“We are far more united and have far more in common than that which divides us.”
After four bitter years of division in our country, the murdered Jo Cox MP’s words have never sounded more prescient. Fighting and in-fighting have rampaged like so many wildfires through the UK and around the world: between and within nations, political parties, campaigning organisations, the wider public, communities, families.
And as we take a breath to look at the havoc wreaked by these never-ending skirmishes for ideological supremacy, we have to ask… for what? Are we any closer to where we want to be, as a society? Are we any closer to where we want society to be, as campaigners? Covid aside, are we better or worse off than before the Brexit wars, the culture wars, the political wars, which have been burning with such ferocious intensity that rational debate has far too often run screaming from the building?
That is emphatically not to say we should down tools and stop campaigning for social justice and against poverty, racism, misogyny and the rest. It’s impassioned grassroots campaigning in the US that overcame black voter suppression, got out the vote in swing states and carried Joe Biden and Kamala Harris to victory. It’s campaigning here, turbo-charged by Marcus Rashford, that has forced two government U-turns, to ensure at least some of Britain’s hungry children get a square meal during school holidays.
There are clearly people who are psychologically fixed in permanent fight mode. Reasoning with them is the equivalent of bashing your head repeatedly against a brick wall in the hope that agreement or at least compromise, rather than brain damage, will result. And it’s easy, when campaigning on something you care deeply about, to fall into that fixed mindset trap too.
So here we are now, with collective – but let’s imagine not permanent – brain damage ourselves, battle-weary and sick of focusing on all that divides us. If the last few years have shown anything, it’s that we need to look at the bigger picture of what unites us, rather than getting caught up in the differences, the ideological spaces, even the small nuances, between us. Because if too much heed is paid to them, they can be widened and weaponised to destructive effect.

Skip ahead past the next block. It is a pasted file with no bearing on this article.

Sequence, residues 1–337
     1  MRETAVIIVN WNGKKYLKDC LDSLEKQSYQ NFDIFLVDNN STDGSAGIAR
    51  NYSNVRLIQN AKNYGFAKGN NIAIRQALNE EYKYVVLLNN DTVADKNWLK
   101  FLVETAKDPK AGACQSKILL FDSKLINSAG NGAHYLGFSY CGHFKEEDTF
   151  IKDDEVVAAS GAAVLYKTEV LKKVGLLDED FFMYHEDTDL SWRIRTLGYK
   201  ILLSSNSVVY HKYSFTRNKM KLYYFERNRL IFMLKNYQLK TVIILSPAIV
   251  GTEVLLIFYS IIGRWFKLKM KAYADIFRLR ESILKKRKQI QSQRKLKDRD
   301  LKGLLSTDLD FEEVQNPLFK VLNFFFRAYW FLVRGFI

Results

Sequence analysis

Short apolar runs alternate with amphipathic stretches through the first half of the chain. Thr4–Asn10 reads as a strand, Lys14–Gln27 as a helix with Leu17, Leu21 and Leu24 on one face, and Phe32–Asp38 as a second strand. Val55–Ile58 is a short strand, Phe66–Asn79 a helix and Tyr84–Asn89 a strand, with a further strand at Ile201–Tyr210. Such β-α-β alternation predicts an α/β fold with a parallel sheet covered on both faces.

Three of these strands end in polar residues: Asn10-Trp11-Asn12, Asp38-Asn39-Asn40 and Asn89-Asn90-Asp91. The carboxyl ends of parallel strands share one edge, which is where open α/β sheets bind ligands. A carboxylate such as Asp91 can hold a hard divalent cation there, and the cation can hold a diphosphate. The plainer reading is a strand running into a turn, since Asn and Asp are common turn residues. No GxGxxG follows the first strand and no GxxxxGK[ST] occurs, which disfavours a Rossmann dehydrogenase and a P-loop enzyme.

If content – concentrating on what brings us together – is king, then tone – the way we do that – is queen. It takes vigilance to iron out the warlike language, knee-jerk slights, instant reactivity, and “I’m right, you’re wrong” voice. It takes imagination – and sometimes persistence – to reach across the divide, opening up the conversations that need to happen with the right people at the right time.
Our work with More Than A Score has brought this home to us at Can Can. The campaign already involves a large coalition of parties, from parent groups and school leaders to education psychologist bodies, academics and the NEU teaching union, with support from Labour, Lib Dems and the Greens.
This autumn we have worked hard on creating even broader alliances. We have built strong relations with headteacher union leaders and initiated promising conversations with Conservative MPs. So much so, that in December we will be holding a large public webinar, with speakers from across the political parties and teaching unions, as well as children, parents academics and headteachers. All our participants are able to put tactical and ideological differences aside to focus on one common aim that unites us.
We’re doing something that the campaign, that society at large, that our very souls are crying out for…
Building bridges, not walls.